The trail riding experience turned out to be fun at first, but the shine wore off quickly. Then I realized that I really did need to prepare the bike for commuter/tour riding. So I put the hybrid tires (flat-free!) back on along with the front fender. I sought out a bigger handlebar bag to carry my road-repair kit and the cable and lock. I also decided I didn’t want the seatpost mounted rack; I prefer frame mounted for that purpose.
I did the research. There are racks made to fit over disk brakes like mine, but the mountings were part plastic, which meant large surfaces to mount onto the frame and I doubted the side plates on my rear forks could accommodate that. But I knew it was possible to find other ways to fit the lower end of the leg on the brake side. So I ordered an Ibera PakRak (IB-RA16) for about $28 (US) on eBay and waited for it to arrive. I noticed it was one of the lightest of its type and the legs were adjustable for different wheel sizes.
Keep in mind that I use the local Ace Hardware store to supply the odd bits and pieces I knew I would need for this. All of the parts are based on 5mm normal threaded (i.e., not fine-threaded) bolts; this is common with bicycles. There are several threaded mount points in most frames. Mine offered two different sets of holes for the rack legs. I knew I could get metal sleeves to stand off the one of the brake side. When I checked, the end of the leg was just about 1/2 inch away from the threaded hole, but I also needed just a bit more clearance to keep from rubbing the break caliper. Ace offered a nice aluminum sleeve 3/4 inch long, which was too much, but nothing in between that and 1/2 inch. I took the longer one, gripped it lightly in a vise-grips and shaved it off 1/8 inch with a hacksaw. That gave me the perfect length. All it needed now as a longer bolt (30mm) to get a proper grip.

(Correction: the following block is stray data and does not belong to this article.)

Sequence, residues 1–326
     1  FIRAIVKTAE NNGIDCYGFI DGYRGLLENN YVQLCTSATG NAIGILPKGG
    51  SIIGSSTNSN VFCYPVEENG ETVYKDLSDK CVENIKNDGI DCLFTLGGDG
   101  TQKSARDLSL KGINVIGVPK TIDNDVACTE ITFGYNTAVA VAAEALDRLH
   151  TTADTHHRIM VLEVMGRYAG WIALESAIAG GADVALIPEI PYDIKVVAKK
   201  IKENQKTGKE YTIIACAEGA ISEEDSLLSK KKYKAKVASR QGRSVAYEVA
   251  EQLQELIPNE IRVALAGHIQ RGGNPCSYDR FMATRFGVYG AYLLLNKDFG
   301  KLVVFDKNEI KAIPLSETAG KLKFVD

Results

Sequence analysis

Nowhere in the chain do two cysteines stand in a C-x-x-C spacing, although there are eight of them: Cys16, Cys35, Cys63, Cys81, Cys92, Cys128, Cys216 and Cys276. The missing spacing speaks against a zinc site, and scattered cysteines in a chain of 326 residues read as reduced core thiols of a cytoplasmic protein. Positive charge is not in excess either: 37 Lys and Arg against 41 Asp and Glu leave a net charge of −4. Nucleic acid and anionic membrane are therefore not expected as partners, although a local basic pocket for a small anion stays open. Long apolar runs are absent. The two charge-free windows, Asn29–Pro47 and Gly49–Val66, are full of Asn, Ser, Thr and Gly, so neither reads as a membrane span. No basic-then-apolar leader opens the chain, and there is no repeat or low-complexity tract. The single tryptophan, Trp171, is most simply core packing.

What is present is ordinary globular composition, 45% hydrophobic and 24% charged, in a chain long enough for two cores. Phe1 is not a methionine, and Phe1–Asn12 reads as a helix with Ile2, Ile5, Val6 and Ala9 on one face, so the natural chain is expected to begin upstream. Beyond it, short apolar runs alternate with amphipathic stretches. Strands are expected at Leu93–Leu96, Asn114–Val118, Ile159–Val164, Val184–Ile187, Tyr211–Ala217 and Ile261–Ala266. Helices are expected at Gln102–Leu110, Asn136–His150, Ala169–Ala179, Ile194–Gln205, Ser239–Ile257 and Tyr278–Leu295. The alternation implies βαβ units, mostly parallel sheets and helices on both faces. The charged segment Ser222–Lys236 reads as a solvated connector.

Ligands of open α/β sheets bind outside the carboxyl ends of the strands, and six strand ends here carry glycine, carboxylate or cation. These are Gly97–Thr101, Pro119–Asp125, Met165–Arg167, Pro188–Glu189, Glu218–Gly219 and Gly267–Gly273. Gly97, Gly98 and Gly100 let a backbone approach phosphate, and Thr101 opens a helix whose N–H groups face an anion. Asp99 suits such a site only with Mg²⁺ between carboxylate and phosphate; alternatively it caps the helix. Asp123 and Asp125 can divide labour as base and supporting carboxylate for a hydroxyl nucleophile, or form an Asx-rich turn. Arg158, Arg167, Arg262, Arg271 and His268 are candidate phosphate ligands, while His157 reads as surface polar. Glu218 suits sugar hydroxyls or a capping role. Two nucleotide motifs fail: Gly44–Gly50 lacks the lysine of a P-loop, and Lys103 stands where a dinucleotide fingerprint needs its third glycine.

The other issue is that my bike frame has no threaded bosses on the seat brace tubes. The stay that comes with the rack was designed with a nicely curved hardened rod with a slight offset outward and either up or down as needed. I grabbed some 5/16-inch clear plastic water tubing and cut it to cover the ends of the stay so as not to mar the paint on the bike. Then I got a 50mm long bolt and matching lock-nut (nylon lock). I had to squeeze the ends together very tightly to get it all to fit, but it grips the seat tube very tightly.
I’ve already ordered a set of saddle bags (pannier) for those times I need baggage for a shopping trip or such. I’m also waiting to see if someone local can get me a proper fitting taillight. Several times I nearly lost the one I had rigged up on the other rack because it never did fit right. Who says being a mystic has to make you impractical?